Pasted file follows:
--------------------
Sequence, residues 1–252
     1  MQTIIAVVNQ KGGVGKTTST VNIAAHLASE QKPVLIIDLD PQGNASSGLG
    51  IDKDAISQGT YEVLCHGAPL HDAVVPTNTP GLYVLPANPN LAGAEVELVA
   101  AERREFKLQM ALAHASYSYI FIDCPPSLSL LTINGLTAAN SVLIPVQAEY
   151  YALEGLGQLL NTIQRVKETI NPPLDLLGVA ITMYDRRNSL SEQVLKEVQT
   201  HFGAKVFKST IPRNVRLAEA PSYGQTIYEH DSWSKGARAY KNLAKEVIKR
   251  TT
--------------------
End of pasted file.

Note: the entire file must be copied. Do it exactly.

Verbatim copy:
Sequence, residues 1–252
     1  MQTIIAVVNQ KGGVGKTTST VNIAAHLASE QKPVLIIDLD PQGNASSGLG
    51  IDKDAISQGT YEVLCHGAPL HDAVVPTNTP GLYVLPANPN LAGAEVELVA
   101  AERREFKLQM ALAHASYSYI FIDCPPSLSL LTINGLTAAN SVLIPVQAEY
   151  YALEGLGQLL NTIQRVKETI NPPLDLLGVA ITMYDRRNSL SEQVLKEVQT
   201  HFGAKVFKST IPRNVRLAEA PSYGQTIYEH DSWSKGARAY KNLAKEVIKR
   251  TT